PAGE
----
The Life-and-Death Consequences of Summer Jobs Programs

PoliticoAnd five other surprising takeaways from research into the programs that big-city mayors love to brag about.

Since the 1960s, big-city mayors have touted the virtues of summer jobs programs for inner-city kids with almost religious faith.

Paying a couple of thousand dollars to local businesses to give poor kids an entry-level job for six weeks would reap big rewards down the road, the thinking went. Even a minimum wage job would prepare young people for entry into the job market; give them an incentive to stay in school, stay off the streets and out of jail; and even bring home some cash to help out their hardworking parents.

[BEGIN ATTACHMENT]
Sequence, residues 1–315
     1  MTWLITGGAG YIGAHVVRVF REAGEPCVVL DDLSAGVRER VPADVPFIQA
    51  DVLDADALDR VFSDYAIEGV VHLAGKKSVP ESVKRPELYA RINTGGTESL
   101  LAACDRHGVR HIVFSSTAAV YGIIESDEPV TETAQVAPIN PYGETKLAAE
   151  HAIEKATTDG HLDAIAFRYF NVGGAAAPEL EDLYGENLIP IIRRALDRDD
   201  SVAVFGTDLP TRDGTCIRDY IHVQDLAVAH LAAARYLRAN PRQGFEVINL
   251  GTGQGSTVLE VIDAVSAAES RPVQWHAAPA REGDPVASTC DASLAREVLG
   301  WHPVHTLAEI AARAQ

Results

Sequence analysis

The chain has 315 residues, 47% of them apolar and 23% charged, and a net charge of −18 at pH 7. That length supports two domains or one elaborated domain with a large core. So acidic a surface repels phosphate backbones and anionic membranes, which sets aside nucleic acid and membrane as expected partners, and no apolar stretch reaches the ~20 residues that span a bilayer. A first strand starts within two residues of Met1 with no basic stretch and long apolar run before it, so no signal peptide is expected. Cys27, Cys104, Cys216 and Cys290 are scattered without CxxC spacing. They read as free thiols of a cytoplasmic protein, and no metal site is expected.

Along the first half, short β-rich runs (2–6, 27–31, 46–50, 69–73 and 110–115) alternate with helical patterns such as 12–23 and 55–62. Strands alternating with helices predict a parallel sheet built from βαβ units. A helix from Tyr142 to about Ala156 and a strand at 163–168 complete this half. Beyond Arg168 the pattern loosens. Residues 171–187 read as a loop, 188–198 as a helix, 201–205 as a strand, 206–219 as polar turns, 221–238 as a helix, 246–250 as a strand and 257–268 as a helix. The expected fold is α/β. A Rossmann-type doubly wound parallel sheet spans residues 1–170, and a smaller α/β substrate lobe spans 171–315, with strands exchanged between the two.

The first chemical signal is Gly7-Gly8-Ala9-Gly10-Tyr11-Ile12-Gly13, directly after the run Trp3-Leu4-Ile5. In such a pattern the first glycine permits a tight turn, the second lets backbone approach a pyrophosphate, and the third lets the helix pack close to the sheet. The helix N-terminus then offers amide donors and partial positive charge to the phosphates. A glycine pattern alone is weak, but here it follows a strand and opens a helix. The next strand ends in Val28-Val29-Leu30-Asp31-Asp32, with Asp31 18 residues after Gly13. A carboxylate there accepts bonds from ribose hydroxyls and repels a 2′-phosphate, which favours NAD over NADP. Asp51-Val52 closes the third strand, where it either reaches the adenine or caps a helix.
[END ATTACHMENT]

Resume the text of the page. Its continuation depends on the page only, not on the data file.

“It’s hard to find a mayor who doesn’t love them,” says Martha Ross, a fellow in the Metropolitan Policy Program at the Brookings Institution. “They’re the political equivalent of a ribbon cutting.”

But do these programs really work? For years, no one measured whether summer jobs programs actually achieved what city halls simply presumed they did. Rigorous examination of those claims was hampered by the time it would take to dig through the records from the nonprofits and private companies that provided the jobs, says Alicia Modestino, a labor economist at Northeastern University.

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